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  1. Both, cause they need to re-unite.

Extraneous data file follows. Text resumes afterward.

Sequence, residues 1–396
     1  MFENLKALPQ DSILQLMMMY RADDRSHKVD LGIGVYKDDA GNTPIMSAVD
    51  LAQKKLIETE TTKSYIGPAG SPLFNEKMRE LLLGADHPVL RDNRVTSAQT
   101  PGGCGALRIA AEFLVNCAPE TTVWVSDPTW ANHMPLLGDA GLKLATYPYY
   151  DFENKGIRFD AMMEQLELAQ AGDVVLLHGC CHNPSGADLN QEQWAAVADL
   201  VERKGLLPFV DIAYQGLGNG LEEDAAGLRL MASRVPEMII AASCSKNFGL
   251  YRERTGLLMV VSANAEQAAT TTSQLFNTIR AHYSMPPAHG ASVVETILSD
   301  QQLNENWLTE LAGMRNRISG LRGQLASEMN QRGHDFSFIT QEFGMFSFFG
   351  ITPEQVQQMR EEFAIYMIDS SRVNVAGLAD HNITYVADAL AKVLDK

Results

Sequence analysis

2. But Jon doesn't know that the Night's Watch is made up of criminals, cause Northmen (or at least WF) keep the NW in high regard. the rest of the Houses? not so, that's why it's filled with criminals. And that's exactly at the realization he comes when he first joins, that it's not made up of noble people who wish to serve a noble cause. it's the same with Sansa believing that reality is liked in the songs and stories. Jon's uncle, Benjen, had decided to join NW and he was a noble man and a decent role model. So Jon's opinion of NW perhaps is based on his opinion of Benjen who decided to serve/protect the realm, noble cause no doubt. Jon is 14 of course he's naive. If people think that at 14 the person the want to bone is the love of their life and can't live without them, why is it had to understand that Jon viewed NW in a romantic view? Ned did something very unusual for every nobleman who fathers bastards, he brought Jon home. He insulted Catelyn's honor. And Catelyn is very honorable, perhaps she was the more honorable and dutiful maid in all the 7 Kingdoms in her time. Catelyn is pretty much acting like mom after her mom died, doesn't complain, excels at what she's supposed to know as a woman, betrothed to Brandom and she doesn't whine nor complain because she's aware it's her duty to her family and has accepted and WHEN Brandon dies, she's expected to marry his brother (whom she's never met) as tradition dictates and once more she doesn't complain. She was the perfect daughter, heck she was even prepared for bastards because that's how men(Lords) in Westeros are. She's S tier wife material right there and then Ned brings Jon to live among her children. Something that NO lord does to his wife because it's insulting. Not only that, but some decades ago people had to deal with the Blackfyre Rebellion. So not only is she not getting perhaps the respect and treatment she deserves after working hard her whole life, her children are also in danger (in her mind) from a bastard who could challenge them. Was that all? No, when Catelyn hears rumors regarding Ashara Dayne she decides to ask Ned herself and not only doesn't he answer he actually gets really angry. So what does this tell Catelyn about Jon's mother? Well that Ned must have loved her a lot to bring Jon here AND that he must still love her to have such a reaction. And the shadow of the woman Ned loved and had Jon with remains till they separate. And Jon is a constant reminder of that and a constant threat to Catelyn. I won't argue that Catelyn was cold to him, cause she was and did seem to try to create distance between him and her kids in indirect ways, but those circumstances make it pretty difficult for Catelyn to warm up to him. Ned also seems to be aware how difficult it'd be FOR ANY woman (not only Catelyn) to be in such a situation and that's why he never forces her to be the mother Jon never had, because he knew how much he dishonored her in everyone's eyes by bringing Jon here. But at the same time he has a promise. I personally would not want to be in a case such as Catelyn's where I do everything right without whining and complaining and then I get rewarded with dishonor or anything similar. I'd feel cheated out of what I really deserved to be honest. But Catelyn again, tried to suppress that around Ned and grew to love him but he couldn't unfortunately do the same in regards to Jon. And that is because the issue is unresolved essentially. That woman haunts Catelyn and Ned is not willing to discuss it with her or assure her, so it's natural it'll cause friction and problems in some sort of way.